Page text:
Tuesday, Sep 25, 2018 | Last Update : 07:22 AM IST

aptX Adaptive codec to put an end to latency issues on Bluetooth streaming

THE ASIAN AGE
Published : Aug 31, 2018, 2:51 pm IST
Updated : Aug 31, 2018, 2:51 pm IST

The new audio codec technology combines robustness, premium audio quality, scalability and low-latency for wireless audio applications.

 A massive uptake in mobile gaming and mobile video consumption means that wireless audio devices need to deliver fully synchronised audio and video content. (Photo: Pexels)
  A massive uptake in mobile gaming and mobile video consumption means that wireless audio devices need to deliver fully synchronised audio and video content. (Photo: Pexels)

Qualcomm has recently announced its aptX Adaptive codec technology. The new codec combines enhancements in robustness, premium audio quality, scalability, low-latency and low-bitrate audio transmission to support an improved wireless listening user experience for most popular and demanding applications including mobile gaming, watching video and music listening. aptX Adaptive technology is engineered to automatically adjust to provide optimum audio quality or latency depending on the type of content being played on the device while also taking into account the external RF environment to support a robust connection.

The type of content that is being consumed on mobile devices is rapidly changing and consumers are doing much more than just listening to audio. Optimised audio for a phone call is very different than for music, or for applications where latency is critical such as gaming. A massive uptake in mobile gaming and mobile video consumption means that wireless audio devices need to deliver fully synchronised audio and video content. Qualcomm’s 2018 State of Play report found that 30 per cent of consumers surveyed said they want to use their wireless headphones for gaming or to watch video content, in addition to listening to music and making calls.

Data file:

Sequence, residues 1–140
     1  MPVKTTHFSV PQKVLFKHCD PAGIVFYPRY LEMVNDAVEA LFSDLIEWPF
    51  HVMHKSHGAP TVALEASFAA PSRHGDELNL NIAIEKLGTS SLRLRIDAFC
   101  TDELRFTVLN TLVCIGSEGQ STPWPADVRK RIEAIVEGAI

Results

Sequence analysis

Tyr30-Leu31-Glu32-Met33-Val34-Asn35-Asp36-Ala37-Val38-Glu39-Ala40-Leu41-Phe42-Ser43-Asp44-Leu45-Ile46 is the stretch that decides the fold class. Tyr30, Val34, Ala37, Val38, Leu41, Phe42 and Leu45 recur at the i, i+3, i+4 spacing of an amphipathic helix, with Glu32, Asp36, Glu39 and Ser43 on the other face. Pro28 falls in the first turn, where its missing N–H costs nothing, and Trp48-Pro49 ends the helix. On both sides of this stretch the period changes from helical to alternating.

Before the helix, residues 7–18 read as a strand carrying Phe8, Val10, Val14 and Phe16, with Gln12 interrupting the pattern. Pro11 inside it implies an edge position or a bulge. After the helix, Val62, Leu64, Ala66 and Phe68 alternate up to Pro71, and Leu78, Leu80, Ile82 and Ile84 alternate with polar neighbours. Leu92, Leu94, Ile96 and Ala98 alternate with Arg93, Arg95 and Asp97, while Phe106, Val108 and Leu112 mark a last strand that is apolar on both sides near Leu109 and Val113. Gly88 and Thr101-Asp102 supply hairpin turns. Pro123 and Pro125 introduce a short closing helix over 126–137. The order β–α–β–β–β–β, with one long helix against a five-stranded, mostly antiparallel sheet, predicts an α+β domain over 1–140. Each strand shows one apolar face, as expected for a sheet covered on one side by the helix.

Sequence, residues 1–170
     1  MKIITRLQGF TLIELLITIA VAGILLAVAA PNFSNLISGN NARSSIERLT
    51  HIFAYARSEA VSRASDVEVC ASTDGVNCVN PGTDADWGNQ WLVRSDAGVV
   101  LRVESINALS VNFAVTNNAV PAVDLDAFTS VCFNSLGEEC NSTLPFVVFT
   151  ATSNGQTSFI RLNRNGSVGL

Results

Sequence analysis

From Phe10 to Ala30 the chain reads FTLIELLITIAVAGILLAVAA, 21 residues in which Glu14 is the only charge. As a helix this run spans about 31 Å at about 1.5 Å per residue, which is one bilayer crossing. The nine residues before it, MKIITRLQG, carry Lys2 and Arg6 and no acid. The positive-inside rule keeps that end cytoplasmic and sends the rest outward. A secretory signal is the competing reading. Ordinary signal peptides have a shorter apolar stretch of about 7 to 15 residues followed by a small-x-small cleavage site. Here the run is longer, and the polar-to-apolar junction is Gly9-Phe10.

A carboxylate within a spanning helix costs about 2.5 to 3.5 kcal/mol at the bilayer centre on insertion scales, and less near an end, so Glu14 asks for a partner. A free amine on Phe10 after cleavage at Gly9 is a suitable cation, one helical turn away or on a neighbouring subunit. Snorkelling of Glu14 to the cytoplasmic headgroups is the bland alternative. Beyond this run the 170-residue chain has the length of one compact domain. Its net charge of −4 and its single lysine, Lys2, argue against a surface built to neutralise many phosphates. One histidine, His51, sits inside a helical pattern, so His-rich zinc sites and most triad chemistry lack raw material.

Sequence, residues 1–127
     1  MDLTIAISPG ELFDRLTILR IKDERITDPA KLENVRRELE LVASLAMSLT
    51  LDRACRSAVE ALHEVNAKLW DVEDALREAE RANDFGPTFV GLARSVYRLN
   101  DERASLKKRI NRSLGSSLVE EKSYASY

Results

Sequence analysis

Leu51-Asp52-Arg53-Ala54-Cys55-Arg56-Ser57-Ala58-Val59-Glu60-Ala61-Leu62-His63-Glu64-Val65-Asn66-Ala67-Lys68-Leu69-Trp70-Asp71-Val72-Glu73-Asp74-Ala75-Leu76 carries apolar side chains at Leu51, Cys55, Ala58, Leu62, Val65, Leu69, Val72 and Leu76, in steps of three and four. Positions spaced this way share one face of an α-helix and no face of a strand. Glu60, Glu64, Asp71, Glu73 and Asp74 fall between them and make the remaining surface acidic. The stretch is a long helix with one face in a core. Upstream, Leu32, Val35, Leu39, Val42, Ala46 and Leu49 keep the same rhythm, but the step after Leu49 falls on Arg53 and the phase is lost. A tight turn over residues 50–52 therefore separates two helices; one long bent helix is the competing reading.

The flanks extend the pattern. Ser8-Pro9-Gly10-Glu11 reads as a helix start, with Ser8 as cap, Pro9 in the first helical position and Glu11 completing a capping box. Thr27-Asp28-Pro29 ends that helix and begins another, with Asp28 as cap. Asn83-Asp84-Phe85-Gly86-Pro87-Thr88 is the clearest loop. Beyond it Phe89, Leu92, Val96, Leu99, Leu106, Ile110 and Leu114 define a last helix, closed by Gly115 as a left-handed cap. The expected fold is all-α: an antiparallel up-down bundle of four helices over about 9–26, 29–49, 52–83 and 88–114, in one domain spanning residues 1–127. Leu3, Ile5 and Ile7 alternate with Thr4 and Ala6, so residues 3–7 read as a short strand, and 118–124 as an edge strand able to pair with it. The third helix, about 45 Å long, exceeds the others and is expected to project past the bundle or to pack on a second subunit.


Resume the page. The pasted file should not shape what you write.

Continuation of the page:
“Most audio codecs available today are largely static in nature with fixed bit-rates which can lead to wireless connectivity issues in challenging RF environments,” said Jonny McClintock, director, product marketing, Qualcomm Technologies International, Ltd. “Many of these codecs were designed for music listening and are simply not suitable for low-latency gaming and audio/video applications. aptX was one of the first technologies to really help make a difference to the Bluetooth music listening experience and we’ve continued working hard to create a technology that will help transform the listening experience for the next generation of consumers who want to replace the wire completely.”

The aptX Adaptive decoder, for devices such as headsets, headphones and speakers, is scheduled to be available to customers on the Qualcomm CSRA68100 and the Qualcomm QCC5100 series Bluetooth Audio SoCs from September 2018. A version of the aptX Adaptive encoder for devices such as smartphones and tablets is scheduled to be available to run on Android P from December 2018.

(source)

Tags: qualcomm, audio, aptx